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UBC Theses and Dissertations

Application of rhodium-catalyzed alkyne hydrothiolation to the syntheses of K777 and analogues : potential therapeutics for the treatment of Chagas' disease Kiemele, Erica Rose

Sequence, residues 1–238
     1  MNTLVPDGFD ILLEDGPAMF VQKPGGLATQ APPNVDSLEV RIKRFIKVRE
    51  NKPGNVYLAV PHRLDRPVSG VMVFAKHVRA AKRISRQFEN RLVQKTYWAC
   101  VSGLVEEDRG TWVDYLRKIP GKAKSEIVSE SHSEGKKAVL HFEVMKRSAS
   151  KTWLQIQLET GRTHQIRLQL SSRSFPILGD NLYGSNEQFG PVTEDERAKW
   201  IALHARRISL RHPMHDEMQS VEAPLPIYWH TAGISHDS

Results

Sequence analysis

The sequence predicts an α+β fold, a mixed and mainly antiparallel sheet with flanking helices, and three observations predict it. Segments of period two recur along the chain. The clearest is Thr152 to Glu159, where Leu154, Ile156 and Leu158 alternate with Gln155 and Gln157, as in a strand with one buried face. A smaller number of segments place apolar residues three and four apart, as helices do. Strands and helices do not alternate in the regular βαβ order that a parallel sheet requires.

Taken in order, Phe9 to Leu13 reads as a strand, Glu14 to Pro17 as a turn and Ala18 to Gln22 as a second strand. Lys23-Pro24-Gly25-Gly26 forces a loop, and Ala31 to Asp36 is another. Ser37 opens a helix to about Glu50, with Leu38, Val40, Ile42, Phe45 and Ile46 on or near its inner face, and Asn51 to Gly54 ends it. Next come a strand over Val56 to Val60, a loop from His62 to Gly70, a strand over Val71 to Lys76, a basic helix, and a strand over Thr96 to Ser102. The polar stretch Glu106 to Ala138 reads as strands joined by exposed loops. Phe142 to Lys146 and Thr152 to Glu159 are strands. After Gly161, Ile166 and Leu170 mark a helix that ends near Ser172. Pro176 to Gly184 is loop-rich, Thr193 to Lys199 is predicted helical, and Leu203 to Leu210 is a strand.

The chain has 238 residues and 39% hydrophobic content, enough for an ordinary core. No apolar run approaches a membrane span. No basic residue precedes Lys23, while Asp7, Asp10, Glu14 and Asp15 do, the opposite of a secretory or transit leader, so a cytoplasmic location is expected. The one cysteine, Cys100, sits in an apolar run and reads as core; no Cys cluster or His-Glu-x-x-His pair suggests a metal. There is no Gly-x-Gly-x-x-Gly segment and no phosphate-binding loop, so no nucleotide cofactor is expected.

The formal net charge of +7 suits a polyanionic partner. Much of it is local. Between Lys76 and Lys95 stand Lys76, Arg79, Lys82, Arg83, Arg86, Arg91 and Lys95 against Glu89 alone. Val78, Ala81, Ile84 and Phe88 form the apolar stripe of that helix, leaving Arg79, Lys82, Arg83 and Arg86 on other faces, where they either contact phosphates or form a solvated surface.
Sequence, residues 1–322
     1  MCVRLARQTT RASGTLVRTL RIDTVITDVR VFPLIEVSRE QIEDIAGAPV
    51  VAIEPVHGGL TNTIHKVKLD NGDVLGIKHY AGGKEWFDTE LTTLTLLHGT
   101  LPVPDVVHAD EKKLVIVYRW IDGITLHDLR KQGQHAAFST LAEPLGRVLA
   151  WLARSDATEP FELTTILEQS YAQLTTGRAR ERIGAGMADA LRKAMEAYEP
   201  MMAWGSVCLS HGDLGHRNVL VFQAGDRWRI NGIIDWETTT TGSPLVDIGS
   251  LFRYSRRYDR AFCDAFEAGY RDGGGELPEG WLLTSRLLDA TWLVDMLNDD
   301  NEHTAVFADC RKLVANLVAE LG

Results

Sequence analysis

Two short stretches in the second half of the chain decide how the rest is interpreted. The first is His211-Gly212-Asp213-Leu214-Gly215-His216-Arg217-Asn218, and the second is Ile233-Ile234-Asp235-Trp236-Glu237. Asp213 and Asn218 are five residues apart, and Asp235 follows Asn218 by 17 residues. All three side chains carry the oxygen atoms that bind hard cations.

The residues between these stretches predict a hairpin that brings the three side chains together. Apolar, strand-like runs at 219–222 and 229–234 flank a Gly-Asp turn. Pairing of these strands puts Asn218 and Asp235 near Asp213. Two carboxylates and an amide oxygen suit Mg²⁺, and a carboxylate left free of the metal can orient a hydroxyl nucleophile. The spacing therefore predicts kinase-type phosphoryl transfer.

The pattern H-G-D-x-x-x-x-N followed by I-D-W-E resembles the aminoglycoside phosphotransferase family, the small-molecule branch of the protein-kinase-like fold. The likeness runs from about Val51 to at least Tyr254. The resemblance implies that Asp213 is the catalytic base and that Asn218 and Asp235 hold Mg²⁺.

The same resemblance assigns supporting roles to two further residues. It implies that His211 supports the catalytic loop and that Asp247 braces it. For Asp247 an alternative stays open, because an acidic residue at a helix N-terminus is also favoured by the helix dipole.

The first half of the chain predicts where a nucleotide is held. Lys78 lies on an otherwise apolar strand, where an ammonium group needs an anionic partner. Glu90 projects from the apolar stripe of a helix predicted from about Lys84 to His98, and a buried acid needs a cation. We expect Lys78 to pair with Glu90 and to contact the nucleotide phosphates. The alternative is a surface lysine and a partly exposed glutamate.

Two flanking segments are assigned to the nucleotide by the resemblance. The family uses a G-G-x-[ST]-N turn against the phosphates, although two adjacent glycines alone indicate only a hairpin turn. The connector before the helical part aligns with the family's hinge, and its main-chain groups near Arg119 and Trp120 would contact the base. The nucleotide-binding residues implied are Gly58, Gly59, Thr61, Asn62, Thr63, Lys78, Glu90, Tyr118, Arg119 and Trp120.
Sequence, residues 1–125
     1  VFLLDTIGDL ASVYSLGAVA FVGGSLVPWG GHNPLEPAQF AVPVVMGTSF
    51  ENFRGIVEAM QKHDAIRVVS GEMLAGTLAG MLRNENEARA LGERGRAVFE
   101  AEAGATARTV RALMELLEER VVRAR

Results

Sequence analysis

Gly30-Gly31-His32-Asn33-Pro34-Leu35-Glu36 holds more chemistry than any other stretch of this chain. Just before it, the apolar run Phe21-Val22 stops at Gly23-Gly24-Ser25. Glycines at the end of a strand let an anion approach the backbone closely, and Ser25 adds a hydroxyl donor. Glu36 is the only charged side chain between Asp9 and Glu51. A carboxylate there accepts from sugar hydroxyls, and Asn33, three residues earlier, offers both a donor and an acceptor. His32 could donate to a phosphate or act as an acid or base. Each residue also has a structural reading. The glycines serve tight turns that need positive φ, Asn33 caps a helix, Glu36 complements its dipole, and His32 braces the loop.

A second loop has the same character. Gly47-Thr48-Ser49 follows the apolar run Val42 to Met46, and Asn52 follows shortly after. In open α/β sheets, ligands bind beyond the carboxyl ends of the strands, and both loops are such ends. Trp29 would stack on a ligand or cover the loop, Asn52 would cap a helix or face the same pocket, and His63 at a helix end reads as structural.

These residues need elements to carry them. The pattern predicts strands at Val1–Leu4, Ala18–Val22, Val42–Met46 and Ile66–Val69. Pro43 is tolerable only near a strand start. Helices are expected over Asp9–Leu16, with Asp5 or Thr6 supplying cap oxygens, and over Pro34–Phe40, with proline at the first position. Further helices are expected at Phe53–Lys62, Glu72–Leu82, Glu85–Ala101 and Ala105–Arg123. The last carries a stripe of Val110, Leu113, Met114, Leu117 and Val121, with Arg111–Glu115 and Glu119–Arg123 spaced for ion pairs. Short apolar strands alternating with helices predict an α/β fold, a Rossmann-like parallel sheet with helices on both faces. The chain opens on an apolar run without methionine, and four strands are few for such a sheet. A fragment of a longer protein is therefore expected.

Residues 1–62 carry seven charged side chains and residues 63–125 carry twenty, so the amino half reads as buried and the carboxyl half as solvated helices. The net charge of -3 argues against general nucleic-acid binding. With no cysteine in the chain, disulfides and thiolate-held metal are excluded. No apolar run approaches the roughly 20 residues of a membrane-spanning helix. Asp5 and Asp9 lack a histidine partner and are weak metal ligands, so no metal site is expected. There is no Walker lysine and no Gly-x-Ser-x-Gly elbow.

Chagas’ disease is a neglected global disease that affects millions of people in Latin America and has started to spread to different areas around the world. This disease is the leading cause of heart failure in Latin America and has many other symptoms including digestive track problems and myocardial damage. The causative organism of this disease is T. Cruzi, which is spread though an insect vector as well as human methods such as blood transfusions, organ donation and food contamination. Current drug therapies are not sufficient; they suffer from lengthy dosage duration and have many dangerous side effects. In the last two decades the organism’s cysteine protease, cruzain has become a desired target for inhibition. Many cysteine protease inhibitors have been studied in the last two decades with one potential therapeutic - K777, an irreversible cysteine protease inhibitor, having the most promise. K777 contains a potent vinyl sulfone warhead, which acts as a Michael-acceptor to the cysteine residue in the catalytic triad of cruzain. K777 is currently entering phase 1 clinical trials. The potent warheard vinyl sulfone in K777 is of interest to the laboratory of Dr. Jennifer Love due to our methodology for synthesizing vinyl sulfides. We proposed that we could synthesize K777 and a variety of analogues using our rhodium-catalyzed alkyne hydrothiolation method as the first application of this method in total synthesis. Here we present the total synthesis of K777 and analogues highlighting the wide substrate scope of our methodology.

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